Posts Tagged ‘Q ratio’

The Q Ratio Indicates a Significantly Overvalued Market

The Q Ratio Indicates a Significantly Overvalued Market 

Courtesy of Doug Short 

Note from dshort: The charts below have been updated based on the September 17th Federal Reserve Flow of Funds release for Q2. I’ve also used the Vanguard Total Market ETF for extrapolating the Q Ratio up to the present.

The Q Ratio is a popular method of estimating the fair value of the stock market developed by Nobel Laureate James Tobin. It’s a fairly simple concept, but laborious to calculate. The Q Ratio is the total price of the market divided by the replacement cost of all its companies. The data for making the calculation comes from the Federal Reserve Z.1 Flow of Funds Accounts of the United States, which is released quarterly for data that is already over two months old.

The first chart shows Q Ratio from 1900 through the first quarter of 2010. I’ve also extrapolated the ratio since June based on the price of VTI, the Vanguard Total Market ETF, to give a more up-to-date estimate.

Interpreting the Ratio

The data since 1945 is a simple calculation using data from the Federal Reserve Z.1 Statistical Release, section B.102., Balance Sheet and Reconciliation Tables for Nonfinancial Corporate Business. Specifically it is the ratio of Line 35 (Market Value) divided by Line 32 (Replacement Cost). It might seem logical that fair value would be a 1:1 ratio. But that has not historically been the case. The explanation, according to Smithers & Co. (more about them later) is that "the replacement cost of company assets is overstated. This is because the long-term real return on corporate equity, according to the published data, is only 4.8%, while the long-term real return to investors is around 6.0%. Over the long-term and in equilibrium, the two must be the same."

The average (arithmetic mean) Q ratio is about 0.70. In the chart below I’ve adjusted the Q Ratio to an arithmetic mean of 1 (i.e., divided the ratio data points by the average). This gives a more intuitive sense to the numbers. For example, the all-time Q Ratio high at the peak of the Tech Bubble was 1.82 — which suggests that the market price was 158% above the historic average of replacement cost. The all-time lows in 1921, 1932 and 1982 were around…
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Zero Hedge

Brexit: The Endgame?

Courtesy of ZeroHedge View original post here.

With parliament suspended and the UK's EU withdrawal process in enforced stasis, the next major stop on the Brexit road map is the EU summit in Brussels on 17 and 18 October. As we have become accustomed, no one knows what will happen now.

This flowchart though, based on analysis by The Independent's John Rentoul, runs through the most likely scenarios, starting first with the question of whether the meeting bears fruit in the form of a new Brexit deal.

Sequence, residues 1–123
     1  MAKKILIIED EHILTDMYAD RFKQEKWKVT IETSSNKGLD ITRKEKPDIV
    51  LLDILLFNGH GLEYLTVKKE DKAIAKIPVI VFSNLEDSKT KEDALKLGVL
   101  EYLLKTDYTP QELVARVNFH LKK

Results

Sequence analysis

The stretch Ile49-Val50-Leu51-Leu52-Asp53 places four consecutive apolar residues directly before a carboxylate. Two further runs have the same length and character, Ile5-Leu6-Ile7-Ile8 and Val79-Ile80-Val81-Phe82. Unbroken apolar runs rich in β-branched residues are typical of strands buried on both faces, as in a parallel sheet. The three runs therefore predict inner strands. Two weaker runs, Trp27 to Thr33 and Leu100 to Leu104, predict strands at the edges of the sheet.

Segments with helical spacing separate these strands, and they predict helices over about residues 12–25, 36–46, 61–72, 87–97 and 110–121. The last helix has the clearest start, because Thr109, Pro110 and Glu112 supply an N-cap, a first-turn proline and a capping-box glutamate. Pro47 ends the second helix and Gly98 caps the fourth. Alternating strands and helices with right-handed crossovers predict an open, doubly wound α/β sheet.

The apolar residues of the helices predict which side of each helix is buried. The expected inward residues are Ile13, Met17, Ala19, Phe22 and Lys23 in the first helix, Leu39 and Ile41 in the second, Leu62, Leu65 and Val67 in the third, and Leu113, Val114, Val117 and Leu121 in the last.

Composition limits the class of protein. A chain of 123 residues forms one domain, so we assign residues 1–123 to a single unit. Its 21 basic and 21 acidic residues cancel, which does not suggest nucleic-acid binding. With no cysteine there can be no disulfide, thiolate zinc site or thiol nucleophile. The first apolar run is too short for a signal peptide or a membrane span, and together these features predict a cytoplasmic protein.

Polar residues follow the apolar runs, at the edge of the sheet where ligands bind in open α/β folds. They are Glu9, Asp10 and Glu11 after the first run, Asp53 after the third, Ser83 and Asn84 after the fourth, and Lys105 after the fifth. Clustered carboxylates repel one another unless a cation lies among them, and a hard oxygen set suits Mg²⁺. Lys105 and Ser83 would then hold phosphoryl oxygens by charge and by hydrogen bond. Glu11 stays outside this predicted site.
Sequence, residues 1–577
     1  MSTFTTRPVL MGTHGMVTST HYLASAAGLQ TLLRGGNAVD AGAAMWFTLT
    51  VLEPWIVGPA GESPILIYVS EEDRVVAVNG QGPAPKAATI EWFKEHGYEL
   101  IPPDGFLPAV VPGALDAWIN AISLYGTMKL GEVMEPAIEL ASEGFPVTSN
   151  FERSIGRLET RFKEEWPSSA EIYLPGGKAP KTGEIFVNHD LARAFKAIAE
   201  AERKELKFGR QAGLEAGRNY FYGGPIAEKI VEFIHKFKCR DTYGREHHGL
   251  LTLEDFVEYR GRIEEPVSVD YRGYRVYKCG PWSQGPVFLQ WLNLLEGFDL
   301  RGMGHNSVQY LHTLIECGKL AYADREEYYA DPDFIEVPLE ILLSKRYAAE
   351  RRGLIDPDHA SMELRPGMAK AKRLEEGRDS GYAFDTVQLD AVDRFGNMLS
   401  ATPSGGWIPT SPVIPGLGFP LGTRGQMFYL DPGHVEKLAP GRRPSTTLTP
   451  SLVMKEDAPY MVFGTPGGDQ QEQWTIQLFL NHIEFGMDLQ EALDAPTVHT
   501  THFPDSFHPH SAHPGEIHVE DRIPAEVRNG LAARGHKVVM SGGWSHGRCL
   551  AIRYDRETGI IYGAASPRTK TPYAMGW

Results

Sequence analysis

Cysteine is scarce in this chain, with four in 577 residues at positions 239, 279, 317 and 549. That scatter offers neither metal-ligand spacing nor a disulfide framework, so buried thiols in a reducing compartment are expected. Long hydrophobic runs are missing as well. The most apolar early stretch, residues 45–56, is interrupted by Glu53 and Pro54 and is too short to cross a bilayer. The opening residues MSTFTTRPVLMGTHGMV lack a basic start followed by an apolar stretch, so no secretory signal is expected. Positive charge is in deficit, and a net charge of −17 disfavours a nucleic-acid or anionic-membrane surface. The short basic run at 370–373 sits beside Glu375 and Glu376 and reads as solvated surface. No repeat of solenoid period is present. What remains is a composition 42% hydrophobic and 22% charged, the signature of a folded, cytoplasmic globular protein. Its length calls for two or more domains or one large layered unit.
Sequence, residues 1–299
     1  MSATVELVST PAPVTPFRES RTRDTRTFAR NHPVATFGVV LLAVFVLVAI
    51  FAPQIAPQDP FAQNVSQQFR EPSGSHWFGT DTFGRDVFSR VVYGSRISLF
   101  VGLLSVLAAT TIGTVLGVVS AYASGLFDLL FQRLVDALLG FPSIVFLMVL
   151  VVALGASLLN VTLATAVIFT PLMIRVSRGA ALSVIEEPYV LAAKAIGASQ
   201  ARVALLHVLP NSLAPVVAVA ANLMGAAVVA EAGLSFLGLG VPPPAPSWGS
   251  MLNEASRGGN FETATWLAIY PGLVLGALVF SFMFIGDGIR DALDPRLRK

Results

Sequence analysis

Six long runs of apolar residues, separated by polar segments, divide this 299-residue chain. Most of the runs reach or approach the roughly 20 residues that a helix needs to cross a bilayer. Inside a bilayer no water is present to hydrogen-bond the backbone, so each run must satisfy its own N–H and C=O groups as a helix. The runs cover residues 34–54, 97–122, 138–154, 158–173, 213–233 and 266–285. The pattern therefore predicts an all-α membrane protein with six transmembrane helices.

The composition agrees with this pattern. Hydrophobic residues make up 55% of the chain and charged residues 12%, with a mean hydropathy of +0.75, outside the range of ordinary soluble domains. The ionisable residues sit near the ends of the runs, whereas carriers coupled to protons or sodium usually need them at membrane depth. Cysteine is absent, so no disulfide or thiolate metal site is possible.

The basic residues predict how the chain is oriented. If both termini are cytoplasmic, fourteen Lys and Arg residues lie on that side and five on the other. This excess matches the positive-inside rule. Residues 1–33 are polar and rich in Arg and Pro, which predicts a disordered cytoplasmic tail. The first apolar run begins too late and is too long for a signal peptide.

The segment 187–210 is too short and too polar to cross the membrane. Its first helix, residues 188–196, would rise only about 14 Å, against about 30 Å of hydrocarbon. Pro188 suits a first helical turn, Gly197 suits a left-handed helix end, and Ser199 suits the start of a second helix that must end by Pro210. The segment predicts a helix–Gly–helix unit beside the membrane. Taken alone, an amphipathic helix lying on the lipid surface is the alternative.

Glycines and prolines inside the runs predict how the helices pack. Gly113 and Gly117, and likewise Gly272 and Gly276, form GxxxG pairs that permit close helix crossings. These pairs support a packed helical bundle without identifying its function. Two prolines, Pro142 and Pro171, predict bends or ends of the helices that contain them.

...



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Phil's Favorites

Wall Street is ignoring the omens of recession - here's why

 

Wall Street is ignoring the omens of recession – here's why

Why is this man smiling? AP Photo/Richard Drew

Courtesy of Jay L. Zagorsky, Boston University

The world is on the brink of a recession, if all the breathless headlines are to be...



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Kimble Charting Solutions

Crude Oil Create A Panic Peak This Week?

Courtesy of Chris Kimble

Yesterday Crude Oil rallied nearly 15%. How often does Crude rally this much in a day? Not often!

How many times has Crude rallied nearly 15% in the past 20-years? Only one other time, which suggests that yesterdays move was a rare event.

This chart looks at Crude Oil on a weekly basis over the past 2-years. Last year Crude Oil created a bearish reversal pattern at the 2018 highs and a bullish reversal pattern at the 2018 lows.

Earlier this year, Crude created a bearish reversal pattern (bearish wick pattern), while testing its 61% retracement level of last years hig...



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The Technical Traders

VIX To Begin A New Uptrend and What it Means

Courtesy of Technical Traders

The news of the drone attack on Saudi Arabia over the weekend prompted a big upside move in Oil (over 10%) and a moderate downside rotation in the US major indexes/stock market.  Although prices had recovered slightly by the opening bell on Monday, September 16, the shock wave resulting from this disruption in oil supply is just now starting to play out.

The long term uncertainty in the markets, as well as the rotation in the US Dollar and other foreign currencies, could play a bigger role in the type of volatility and extend of the immediate price rotation that may result from this external news event.  Our VIX predictions and ADL predictive modeling system are suggesting volatility wi...